Queen of the Track: Alice Coachman, Olympic High-Jump Champion (Hardcover)
Special Order - may be out of print
Here is a story of Alice Coachman, the first African-American woman to win an Olympic gold medal.
When Alice Coachman was a girl, most White people wouldn't even shake her hand. Yet when the King of England placed an Olympic medal around her neck in 1948, he extended his hand to Alice in congratulations. Standing on a podium in London's Wembley Stadium, Alice was a long way from the fields of Georgia where she ran barefoot as a child. With a record-breaking leap, she had become the first African-American woman to win an Olympic gold medal. This inspirational picture book is perfect to celebrate Women's History Month or to share any day of the year.
About the Author
Heather Lang, a former public-health attorney, was inspired by Alice Coachman's indomitable spirit. This is her first picture book. She lives in Lexington, Massachusetts. Visit heatherlang.com.
Floyd Cooper (1956–2021) illustrated over 110 books for children, including Unspeakable: The Tulsa Race Massacre by Carole Boston Weatherford, for which he was awarded a Caldecott Honor, the Coretta Scott King Illustrator Award, and a Sibert Honor. He was also the recipient of the Coretta Scott King Award for The Blacker the Berry; three Coretta Scott King Honors for I Have Heard of a Land, Meet Danitra Brown, and Brown Honey in Broomwheat Tea; 10 ALA Notables; and an NAACP Image Award, among other honors. Visit floydcooper.com.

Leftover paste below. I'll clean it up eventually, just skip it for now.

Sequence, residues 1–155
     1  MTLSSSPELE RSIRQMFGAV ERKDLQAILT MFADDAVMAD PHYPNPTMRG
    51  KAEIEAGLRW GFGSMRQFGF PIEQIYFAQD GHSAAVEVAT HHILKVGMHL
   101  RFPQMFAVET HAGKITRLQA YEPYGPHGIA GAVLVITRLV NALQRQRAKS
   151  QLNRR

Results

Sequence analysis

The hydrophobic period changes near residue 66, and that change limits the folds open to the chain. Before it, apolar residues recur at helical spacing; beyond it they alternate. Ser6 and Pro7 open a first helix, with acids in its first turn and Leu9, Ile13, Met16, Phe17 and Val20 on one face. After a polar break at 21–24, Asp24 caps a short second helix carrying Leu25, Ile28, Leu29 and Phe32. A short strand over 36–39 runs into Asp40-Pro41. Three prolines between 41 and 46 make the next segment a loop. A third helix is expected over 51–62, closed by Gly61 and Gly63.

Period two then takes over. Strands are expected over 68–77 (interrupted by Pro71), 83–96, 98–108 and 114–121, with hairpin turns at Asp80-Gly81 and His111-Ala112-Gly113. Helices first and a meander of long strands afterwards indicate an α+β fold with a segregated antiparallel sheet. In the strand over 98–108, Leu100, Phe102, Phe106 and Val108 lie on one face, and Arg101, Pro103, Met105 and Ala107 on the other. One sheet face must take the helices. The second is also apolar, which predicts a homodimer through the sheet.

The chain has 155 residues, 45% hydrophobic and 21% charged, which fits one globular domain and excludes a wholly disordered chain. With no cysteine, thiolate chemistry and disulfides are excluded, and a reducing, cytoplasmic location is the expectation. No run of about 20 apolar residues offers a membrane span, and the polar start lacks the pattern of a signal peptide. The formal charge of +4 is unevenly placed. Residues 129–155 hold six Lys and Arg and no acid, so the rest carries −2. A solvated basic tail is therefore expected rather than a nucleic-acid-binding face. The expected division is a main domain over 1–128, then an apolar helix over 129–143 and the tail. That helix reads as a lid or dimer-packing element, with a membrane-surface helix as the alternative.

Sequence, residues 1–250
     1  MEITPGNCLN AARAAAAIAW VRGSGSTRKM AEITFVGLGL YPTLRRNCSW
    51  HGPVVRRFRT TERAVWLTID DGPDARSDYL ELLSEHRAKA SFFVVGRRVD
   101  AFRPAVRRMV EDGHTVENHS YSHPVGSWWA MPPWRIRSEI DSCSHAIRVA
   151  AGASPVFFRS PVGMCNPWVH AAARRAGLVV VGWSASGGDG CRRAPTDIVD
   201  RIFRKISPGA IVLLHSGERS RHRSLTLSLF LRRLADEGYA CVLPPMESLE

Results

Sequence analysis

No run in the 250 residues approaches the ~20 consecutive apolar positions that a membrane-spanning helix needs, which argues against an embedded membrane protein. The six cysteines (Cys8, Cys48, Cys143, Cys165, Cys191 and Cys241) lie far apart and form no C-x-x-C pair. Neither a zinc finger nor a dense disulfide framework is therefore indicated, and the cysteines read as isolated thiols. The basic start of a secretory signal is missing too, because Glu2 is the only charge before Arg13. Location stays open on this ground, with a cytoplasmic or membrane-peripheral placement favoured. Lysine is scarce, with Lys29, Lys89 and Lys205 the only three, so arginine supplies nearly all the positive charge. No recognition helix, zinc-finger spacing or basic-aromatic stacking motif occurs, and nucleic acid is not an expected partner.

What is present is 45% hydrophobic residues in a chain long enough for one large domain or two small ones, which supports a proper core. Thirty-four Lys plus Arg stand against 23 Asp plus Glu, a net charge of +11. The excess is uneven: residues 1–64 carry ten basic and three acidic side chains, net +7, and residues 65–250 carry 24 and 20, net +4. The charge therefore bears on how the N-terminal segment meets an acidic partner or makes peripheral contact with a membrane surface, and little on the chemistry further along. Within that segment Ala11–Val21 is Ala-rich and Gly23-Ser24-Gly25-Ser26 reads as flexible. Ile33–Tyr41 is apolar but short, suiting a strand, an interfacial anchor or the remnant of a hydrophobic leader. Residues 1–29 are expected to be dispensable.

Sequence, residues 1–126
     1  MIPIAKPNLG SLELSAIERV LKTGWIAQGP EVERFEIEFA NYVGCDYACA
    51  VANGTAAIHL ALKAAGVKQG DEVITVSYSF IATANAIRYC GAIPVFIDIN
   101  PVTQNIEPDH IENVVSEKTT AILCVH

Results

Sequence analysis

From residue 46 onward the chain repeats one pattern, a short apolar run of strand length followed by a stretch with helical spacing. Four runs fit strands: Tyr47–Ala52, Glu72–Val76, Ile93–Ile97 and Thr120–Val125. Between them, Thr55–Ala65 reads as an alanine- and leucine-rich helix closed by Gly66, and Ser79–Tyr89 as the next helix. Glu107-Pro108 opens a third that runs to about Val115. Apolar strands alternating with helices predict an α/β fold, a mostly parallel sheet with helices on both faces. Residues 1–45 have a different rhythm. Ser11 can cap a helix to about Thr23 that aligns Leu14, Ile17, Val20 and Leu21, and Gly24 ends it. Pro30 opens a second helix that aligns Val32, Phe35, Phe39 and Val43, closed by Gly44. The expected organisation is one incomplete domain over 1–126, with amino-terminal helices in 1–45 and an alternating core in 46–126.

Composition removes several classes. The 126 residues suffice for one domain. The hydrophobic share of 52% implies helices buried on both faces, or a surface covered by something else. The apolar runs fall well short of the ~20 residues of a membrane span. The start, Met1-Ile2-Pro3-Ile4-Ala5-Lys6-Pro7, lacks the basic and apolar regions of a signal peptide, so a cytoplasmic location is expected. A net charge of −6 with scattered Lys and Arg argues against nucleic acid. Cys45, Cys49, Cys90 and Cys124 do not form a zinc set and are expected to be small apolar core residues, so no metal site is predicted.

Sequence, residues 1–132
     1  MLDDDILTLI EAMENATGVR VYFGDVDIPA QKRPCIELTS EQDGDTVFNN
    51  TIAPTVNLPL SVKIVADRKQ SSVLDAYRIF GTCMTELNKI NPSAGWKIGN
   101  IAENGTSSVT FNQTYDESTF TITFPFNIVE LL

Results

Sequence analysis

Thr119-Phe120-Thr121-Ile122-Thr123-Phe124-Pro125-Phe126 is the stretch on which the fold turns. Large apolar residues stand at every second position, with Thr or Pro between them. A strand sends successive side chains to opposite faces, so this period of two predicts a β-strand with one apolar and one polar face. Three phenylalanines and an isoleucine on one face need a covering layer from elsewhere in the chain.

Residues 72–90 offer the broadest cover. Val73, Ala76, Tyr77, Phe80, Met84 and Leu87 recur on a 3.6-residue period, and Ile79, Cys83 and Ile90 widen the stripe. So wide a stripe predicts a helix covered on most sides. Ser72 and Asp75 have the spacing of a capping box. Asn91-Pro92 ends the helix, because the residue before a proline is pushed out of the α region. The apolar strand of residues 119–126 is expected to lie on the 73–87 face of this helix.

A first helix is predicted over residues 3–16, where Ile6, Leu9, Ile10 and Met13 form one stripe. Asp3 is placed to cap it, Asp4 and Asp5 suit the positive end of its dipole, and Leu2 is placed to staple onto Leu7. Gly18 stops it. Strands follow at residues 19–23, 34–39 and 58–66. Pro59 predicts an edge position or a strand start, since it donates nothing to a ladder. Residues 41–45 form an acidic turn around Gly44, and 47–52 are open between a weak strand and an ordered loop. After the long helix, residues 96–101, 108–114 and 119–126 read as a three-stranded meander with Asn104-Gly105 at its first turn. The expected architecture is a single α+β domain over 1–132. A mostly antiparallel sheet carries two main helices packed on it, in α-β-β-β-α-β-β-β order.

"Lang brings her subject's early years to life through small details. . . . Cooper's pastels keep to a brown, grainy palette, recalling the Georgia dirt on which the track star ran as a child." —School Library Journal
"From the hardships of her Georgia childhood through the 1948 London Olympics at which she won gold and became a legend, this biography stands out for the lesser-known details it includes (e.g. Coachman's dance performance aboard the London-bound ship). Cooper's grainy sepia-hued pastels are striking; endnotes with more about Coachman and the historic 1948 Olympics support the thorough text." —The Horn Book